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Bush Due to Pledge Global Effort to Aid Ex-Soviet Republics : Emergency: But 47-nation talks on food and medical help for Russia, neighbors aren't expected to produce any major surprises.


WASHINGTON — President Bush is expected today to promise an international effort to provide the former Soviet republics with enough food and medicine to survive the winter and to detail a U.S. initiative to support continued economic reforms, Administration officials said Tuesday.

But Bush, who will speak at the opening of a 47-nation conference on emergency aid to the former Soviet Union, does not plan to offer any major increase in the almost $4 billion that the United States has already pledged in loans and other aid to Russia and its neighbors, the officials said.

U.S., European and Japanese officials all said their governments believe that existing aid programs are sufficient to enable the government of Russian President Boris N. Yeltsin to survive the winter without famine or epidemic. They agreed that the two-day meeting is unlikely to produce much more.

"We do not expect to offer large-scale financial support," said Japanese spokesman Seiji Morimoto.

Instead, the officials said, the conference will attempt to coordinate existing aid programs--and, perhaps to convince the Russian people that help is on the way. "It's important that we send them a message of hope," Secretary of State James A. Baker III told reporters. ". . . That's what we're all about."

In keeping with that theme, the many foreign ministers attending the meeting plan speeches highlighting the aid that they have already pledged, diplomats said. Besides the U.S. aid program, Japan has promised $2.5 billion and Germany has pledged $37 billion, although much of the German aid has gone to pay for withdrawal of former Soviet troops from what was East Germany.

In his speech opening the conference, Bush plans to offer new details of a proposed U.S. initiative to help the former Soviet republics adopt economic reforms and embrace a free market, officials said.

They said that the proposal will involve some modest U.S. spending as an incentive for the republics to move more quickly toward economic reform. But descriptions of the plan suggested that it will fall far short of the $20 billion that some Russian officials have proposed as the level of aid they need to transform their economy.

Bush also will reaffirm his readiness to spend $400 million provided by Congress to assist the republics in dismantling nuclear weapons, the officials said. But they said the President has not decided on specific proposals to provide aid to former Soviet nuclear scientists to dissuade them from working for Iran, Libya or other countries seeking to build atomic weapons.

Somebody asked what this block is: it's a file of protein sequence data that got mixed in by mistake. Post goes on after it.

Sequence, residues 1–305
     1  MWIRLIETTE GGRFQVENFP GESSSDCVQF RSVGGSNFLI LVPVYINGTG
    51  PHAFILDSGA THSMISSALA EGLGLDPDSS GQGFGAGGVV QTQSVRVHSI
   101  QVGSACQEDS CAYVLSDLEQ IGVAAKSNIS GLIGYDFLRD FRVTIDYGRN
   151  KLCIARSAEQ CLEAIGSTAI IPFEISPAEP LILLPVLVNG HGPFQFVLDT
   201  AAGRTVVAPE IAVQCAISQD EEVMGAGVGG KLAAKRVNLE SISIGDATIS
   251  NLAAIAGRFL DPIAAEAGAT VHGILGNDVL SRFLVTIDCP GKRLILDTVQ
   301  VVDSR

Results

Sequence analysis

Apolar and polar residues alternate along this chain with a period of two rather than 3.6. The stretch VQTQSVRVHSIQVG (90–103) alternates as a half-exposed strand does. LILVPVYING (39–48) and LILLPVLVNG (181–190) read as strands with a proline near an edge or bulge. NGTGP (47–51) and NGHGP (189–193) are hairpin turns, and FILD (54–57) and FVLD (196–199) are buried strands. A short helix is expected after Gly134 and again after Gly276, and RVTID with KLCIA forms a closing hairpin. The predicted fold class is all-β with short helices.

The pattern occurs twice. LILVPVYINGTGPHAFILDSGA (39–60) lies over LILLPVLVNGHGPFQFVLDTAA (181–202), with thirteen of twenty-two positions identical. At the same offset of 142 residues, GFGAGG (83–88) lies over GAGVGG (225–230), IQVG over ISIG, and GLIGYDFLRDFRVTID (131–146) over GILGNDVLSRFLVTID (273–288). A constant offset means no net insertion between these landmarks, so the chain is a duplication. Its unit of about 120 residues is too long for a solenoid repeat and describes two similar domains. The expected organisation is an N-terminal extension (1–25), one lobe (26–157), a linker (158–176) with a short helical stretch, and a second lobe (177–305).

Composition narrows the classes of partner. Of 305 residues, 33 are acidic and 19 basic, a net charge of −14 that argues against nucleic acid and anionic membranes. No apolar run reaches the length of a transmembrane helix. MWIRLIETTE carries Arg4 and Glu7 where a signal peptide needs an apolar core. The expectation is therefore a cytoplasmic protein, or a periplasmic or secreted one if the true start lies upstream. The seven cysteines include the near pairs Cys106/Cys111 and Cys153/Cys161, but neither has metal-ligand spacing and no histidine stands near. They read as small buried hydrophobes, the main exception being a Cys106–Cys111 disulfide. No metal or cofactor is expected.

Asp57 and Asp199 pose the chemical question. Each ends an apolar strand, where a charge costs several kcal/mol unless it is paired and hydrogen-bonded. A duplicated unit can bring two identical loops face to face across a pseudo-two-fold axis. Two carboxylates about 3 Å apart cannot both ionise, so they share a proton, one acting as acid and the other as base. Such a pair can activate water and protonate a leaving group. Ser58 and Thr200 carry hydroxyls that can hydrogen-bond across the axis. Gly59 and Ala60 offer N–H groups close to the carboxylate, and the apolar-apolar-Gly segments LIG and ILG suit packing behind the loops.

On the meeting's eve, Baker met with the foreign ministers of Germany and Japan, whose financial contributions will be crucial to any aid effort. His talks appeared aimed partly at ensuring that the conference does not turn into a finger-pointing exercise in which some countries accuse others of failing to provide their fair share.

When Baker first announced the conference last month, German officials complained that their country had given more than any other and French officials said that the Bush Administration had no right to assert leadership on the issue.

After several rounds of U.S.-European talks, the blame-slinging was suspended and the visiting officials have been careful to avoid comparing their aid programs. "People got a little bit tense when this thing was first announced, but everyone has pretty much cooled off by now," one U.S. official said.

Partly to maintain the cordial atmosphere, Baker decided not to invite the Russians or other republics to the meeting. "We did not want a competitive situation to develop, where the states would be competing with each other for support," he said.

Administration officials downplayed the prospect that Saudi Arabia, Japan or other nations might use the meeting to unveil substantial new aid commitments to the republics.

U.S. senators who returned Tuesday from a tour of a once-secret "atomic city" in Russia said that officials there appealed for U.S. financial aid to complete a plant to convert weapons-grade plutonium into fuel for nuclear power plants.

"It may be an area where the Russians are significantly ahead of us," said Sen. Jim Exon (R-Neb.), who led the Senate delegation to the "closed city" of Chelyabinsk, which does not even appear on maps put out by the former Soviets. Exon said the senators wanted to check with American scientists before deciding whether to support allocation of U.S. funds to finish work on the plant.

Sen. Carl Levin (D-Mich.), a delegation member, said that the United States should consider the Russian offer to convert the weapons-grade plutonium into nuclear fuel for civilian reactors. The U.S. government could encourage private joint ventures with the Russians, Levin said.

Sen. Strom Thurmond (R-S.C.) said that the Air Force plane that took the senators to Chelyabinsk was the first American aircraft ever to land in the isolated city, whose existence had been a secret.

Times staff writer William J. Eaton contributed to this report.

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